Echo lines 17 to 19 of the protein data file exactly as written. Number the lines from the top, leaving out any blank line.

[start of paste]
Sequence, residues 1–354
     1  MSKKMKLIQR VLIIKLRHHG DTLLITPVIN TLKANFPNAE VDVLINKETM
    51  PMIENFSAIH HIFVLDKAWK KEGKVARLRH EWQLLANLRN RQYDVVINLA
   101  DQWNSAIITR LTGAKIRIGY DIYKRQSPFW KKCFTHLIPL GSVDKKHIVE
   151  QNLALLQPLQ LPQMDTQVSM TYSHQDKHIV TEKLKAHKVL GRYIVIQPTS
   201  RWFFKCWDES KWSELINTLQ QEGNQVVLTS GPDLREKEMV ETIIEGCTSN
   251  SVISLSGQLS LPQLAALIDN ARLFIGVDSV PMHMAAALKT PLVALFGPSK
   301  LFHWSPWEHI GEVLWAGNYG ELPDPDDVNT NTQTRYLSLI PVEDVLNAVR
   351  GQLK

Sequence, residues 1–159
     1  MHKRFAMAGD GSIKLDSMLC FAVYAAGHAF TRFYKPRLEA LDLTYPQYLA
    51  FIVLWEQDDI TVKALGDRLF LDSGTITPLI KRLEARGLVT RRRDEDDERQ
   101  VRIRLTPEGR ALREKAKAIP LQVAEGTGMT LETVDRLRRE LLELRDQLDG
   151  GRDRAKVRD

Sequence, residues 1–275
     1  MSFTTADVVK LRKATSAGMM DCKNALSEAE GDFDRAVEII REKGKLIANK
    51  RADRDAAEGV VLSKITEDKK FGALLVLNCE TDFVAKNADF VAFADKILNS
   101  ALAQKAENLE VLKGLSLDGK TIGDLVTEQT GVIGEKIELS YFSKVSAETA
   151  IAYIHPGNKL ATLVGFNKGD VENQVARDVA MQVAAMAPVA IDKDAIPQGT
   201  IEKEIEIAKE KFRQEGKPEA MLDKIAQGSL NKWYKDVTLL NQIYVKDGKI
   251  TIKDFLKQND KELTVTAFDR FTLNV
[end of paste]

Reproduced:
    51  RADRDAAEGV VLSKITEDKK FGALLVLNCE TDFVAKNADF VAFADKILNS
   101  ALAQKAENLE VLKGLSLDGK TIGDLVTEQT GVIGEKIELS YFSKVSAETA
   151  IAYIHPGNKL ATLVGFNKGD VENQVARDVA MQVAAMAPVA IDKDAIPQGT